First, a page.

Some of our Reefscapers coral frames at the deep ‘Blue Hole’ site
At Landaa Giraavaru, guest activities resumed on 15 July, and we transplanted 9 new coral frames in the final 2 weeks of the month. In addition, we also carried out monitoring tasks at the Coral Trail site, where we cleaned, repaired, and photographed a total of 76 frames.
At Kuda Huraa, we focused on updating the geo-locations and QGIS-mapping for a total of 550 coral frames at our Water Villas site. Corals in this area have started to regain their healthy colouration, and are now approximately 90% recovered. By contrast, the Channel area has been severely affected by the seasonally elevated sea surface temperatures (SST), so we plan to perform a mass retransplantation in the coming months.
Our coral frames at the deeper ‘Blue Hole’ site have escaped the worst of the bleaching, and our experimental efforts to prevent them from sinking into the shifting sand seems to be working (simply by placing rocks and rubble under the frame legs).
CoralWatch – Monitoring for Signs of Coral Bleaching
During July, we conducted a small assessment of the effects of the recent bleaching event on our frames. Depth is known to influence the structure of coral reef communities mainly due to light penetration, water temperature and resource availability. Additionally, exposed locations with greater water movement can reduce any increases in ambient temperature.
- 2 locations were selected, with contrasting environmental conditions.
- We examined the coral fragments depicted in our database of monitoring photographs taken during January and June 2020.
- At each site, we sampled 304 Acropora coral fragments (on 8 different frames) that had been transplanted back in June-July 2019.
- We recorded corals as ‘healthy’, ‘dead’ or ‘bleached’ (the latter including partial/complete bleaching and fluorescence).
- Mortality was slightly lower at Anchor Point for both months (with approximately equal mortality rates).
- No bleaching was seen in January (as expected); in June, bleaching was slightly lower at Anchor Point.
Initially, we had hypothesised that our frames at the Anchor Point site would be healthier due to the protective environmental conditions; this turned out to be true but only by an unexpectedly small margin.
Based on this snapshot of the 2020 bleaching event, the deeper outplant site only seems to provide a minimal benefit over the shallower site, although a severe bleaching event may have yielded a greater protective effect.
|2020 Bleaching Assessment
% of affected coral fragments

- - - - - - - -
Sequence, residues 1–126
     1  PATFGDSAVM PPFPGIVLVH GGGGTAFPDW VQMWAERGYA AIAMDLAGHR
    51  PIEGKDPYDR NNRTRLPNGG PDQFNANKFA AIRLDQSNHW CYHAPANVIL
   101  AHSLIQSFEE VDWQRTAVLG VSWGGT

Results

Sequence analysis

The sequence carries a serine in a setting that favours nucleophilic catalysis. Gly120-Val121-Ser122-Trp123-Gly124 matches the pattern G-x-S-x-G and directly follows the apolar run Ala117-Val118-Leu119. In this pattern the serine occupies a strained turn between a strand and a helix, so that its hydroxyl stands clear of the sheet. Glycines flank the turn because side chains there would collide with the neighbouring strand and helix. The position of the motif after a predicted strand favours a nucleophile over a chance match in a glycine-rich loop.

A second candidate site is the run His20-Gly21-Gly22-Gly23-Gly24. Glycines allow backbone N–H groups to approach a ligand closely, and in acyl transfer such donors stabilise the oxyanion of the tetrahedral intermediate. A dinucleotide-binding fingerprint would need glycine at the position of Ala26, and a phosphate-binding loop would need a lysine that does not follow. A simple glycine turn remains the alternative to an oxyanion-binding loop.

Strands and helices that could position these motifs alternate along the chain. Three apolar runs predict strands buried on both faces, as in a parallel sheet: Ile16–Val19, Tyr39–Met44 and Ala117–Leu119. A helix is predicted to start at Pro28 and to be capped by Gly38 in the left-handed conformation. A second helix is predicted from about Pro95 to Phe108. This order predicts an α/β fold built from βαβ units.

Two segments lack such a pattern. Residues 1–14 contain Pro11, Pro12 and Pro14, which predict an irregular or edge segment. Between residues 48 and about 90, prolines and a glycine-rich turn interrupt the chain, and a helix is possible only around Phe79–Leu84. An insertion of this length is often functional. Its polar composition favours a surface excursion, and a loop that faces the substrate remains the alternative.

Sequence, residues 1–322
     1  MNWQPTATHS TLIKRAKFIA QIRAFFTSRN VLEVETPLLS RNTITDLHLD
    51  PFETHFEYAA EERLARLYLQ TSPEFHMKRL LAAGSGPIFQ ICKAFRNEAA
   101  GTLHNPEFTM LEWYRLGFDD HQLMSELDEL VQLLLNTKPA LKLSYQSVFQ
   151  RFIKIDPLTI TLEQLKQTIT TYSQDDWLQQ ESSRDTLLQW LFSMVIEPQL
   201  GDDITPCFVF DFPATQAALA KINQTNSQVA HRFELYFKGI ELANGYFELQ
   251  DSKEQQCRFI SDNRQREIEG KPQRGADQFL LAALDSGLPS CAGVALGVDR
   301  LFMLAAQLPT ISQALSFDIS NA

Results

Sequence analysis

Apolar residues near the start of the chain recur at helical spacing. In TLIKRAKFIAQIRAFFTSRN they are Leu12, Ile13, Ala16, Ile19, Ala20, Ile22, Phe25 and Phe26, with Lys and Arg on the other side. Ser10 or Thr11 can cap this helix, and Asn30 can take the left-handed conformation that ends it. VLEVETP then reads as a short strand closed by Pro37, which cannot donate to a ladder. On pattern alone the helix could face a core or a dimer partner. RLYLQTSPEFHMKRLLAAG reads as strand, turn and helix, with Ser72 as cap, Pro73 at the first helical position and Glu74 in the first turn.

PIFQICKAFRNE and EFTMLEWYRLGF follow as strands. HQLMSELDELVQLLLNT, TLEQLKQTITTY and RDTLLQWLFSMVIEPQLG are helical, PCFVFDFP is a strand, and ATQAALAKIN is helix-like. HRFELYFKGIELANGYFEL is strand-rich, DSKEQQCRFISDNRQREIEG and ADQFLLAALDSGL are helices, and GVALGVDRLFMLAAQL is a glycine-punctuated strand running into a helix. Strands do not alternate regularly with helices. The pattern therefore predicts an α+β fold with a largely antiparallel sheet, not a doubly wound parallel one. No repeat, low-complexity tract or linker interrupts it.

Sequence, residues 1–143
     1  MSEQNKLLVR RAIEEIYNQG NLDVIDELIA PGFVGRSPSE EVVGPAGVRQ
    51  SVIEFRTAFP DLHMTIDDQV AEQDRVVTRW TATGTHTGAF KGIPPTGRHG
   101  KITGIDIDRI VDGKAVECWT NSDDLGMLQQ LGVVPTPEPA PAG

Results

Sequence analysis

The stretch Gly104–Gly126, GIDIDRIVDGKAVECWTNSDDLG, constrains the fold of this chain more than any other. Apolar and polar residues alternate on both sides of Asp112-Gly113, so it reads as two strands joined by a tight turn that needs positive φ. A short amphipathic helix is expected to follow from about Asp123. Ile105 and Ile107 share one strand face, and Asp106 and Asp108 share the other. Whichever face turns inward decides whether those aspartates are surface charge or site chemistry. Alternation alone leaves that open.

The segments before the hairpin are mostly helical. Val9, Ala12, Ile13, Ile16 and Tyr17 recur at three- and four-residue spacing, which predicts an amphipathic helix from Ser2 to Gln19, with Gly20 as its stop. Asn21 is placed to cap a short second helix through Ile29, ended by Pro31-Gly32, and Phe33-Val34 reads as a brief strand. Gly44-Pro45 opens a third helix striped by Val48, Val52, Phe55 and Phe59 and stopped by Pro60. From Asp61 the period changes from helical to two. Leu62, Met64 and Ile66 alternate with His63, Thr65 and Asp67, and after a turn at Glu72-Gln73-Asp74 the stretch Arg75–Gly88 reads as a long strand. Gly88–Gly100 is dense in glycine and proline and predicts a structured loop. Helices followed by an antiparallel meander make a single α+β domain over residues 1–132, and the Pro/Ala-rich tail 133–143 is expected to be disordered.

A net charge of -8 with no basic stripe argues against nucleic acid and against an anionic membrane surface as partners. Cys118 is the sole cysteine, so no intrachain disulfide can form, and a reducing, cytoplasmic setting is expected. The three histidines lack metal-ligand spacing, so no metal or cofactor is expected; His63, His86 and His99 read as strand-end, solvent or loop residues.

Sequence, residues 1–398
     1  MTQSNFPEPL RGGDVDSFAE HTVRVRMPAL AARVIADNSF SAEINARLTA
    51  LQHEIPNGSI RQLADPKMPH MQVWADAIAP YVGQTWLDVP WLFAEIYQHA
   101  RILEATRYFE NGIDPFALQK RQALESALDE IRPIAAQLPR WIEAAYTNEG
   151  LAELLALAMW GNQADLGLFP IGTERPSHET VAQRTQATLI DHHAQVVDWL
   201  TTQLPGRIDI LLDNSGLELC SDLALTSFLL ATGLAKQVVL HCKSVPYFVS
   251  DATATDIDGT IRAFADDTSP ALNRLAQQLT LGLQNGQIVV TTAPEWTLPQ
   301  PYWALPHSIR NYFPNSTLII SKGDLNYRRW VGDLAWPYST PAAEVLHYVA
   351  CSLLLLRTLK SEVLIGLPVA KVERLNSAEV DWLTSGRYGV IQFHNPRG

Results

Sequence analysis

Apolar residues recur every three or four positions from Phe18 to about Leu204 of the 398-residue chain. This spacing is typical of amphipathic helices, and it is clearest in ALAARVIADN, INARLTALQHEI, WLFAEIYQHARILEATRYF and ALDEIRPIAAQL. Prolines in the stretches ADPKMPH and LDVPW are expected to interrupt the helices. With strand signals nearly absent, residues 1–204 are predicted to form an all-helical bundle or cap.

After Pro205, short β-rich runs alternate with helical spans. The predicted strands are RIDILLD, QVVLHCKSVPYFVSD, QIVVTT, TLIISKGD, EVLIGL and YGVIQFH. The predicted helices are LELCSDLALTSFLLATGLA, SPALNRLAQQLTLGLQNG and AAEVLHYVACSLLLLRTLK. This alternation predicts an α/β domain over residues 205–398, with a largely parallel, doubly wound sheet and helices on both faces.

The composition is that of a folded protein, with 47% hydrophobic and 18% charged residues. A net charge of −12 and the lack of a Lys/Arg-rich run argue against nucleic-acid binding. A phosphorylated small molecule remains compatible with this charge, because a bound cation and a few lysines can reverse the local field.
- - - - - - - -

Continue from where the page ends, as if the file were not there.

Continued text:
|– S I T E –|
|Anchor Point||Dive Site|
|Seabed||sandy bottom||solid substrate|
Coral Plates in Aquarium One (plates KH01, KH02, KH05) and Aquarium Two (plates KH03, KH04)
- KH01 – retransplanted with new fragments of Acropora digitifera and Acropora millepora. After some initial discoloration (normal), 90% of the fragments have now encrusted into the plate.
- KH02 – the Galaxea fascicularis fragments remain healthy, and any paled fragments have recovered.
- KH03 – cleaned of algal accumulation; fragments are regaining colour and the calcified areas are growing.
- KH04 – cleaned of algal accumulation; the two remaining fragments are recovering and growing slowly.
- KH05 – the two new fragments (transplanted in May) have regained their colouration and are healthily fusing. The older fragments continue to grow, and there is currently little competition between two colour morphs.
Coral Reproduction Spawning Experiment
In July, two of the smallest colonies died from competition with algae, and four colonies were observed merging (resulting in three colonies transitioning from polyp count to size measurement). Now the external ocean water has returned to normal lower temperatures, we have restarted the continuous water flow intake.
Time Lapse Experiment to Record Coral Bleaching
This month, we successfully recorded the bleaching process using our new time-lapse camera, however, the video footage was sub-optimal. The bleaching process took 5 weeks, and was eventually a result of poor water quality rather than elevated temperatures. We have adjusted our methodology and will be adding warm salt water twice daily to the closed system to elevate temperatures to accelerate the bleaching process.
‘Coral Core’ Experiment
Our in situ coral plug propagation trial has been running for over 4 months now. Some of the corals are under stress due to the recent elevated sea temperatures, and are exhibiting purple tissue surrounding both the extraction and outplant sites. Replicate-2 has seen both medium-sized fragments return to full health this month, whereas 2 of the fragments in Replicate-3 have declined in health.
|R1||Plugs||All 6 were lost (no epoxy) or have died (4 weeks after transplantation; due to sedimentation?)|
|Parent||Quickly recovered from slight bleaching, new tissue growth in the cavities.|
|R2||Plugs||3 plugs died; 3 plugs in excellent health (regained colouration, encrusting well).|
|Parent||Very healthy, with good recovery around and over the holes; new tissue growth in the cavities.|
|R3||Plugs||3 plugs now dead; 3 plugs healthy colouration and encrusting well.|
|Parent||Very good health, with encrusting over the Epoxy for all 6 holes (but no new tissue growth.|
|R4||Plugs||[Vertical outplanting] 2 plugs dead; 4 plugs starting to bleach.|
|Parent||Very healthy encrusting for all 6 holes (impossible to distinguish the removal sites).|
Healthy Acropora microphthalma growing on a Reefscapers coral frame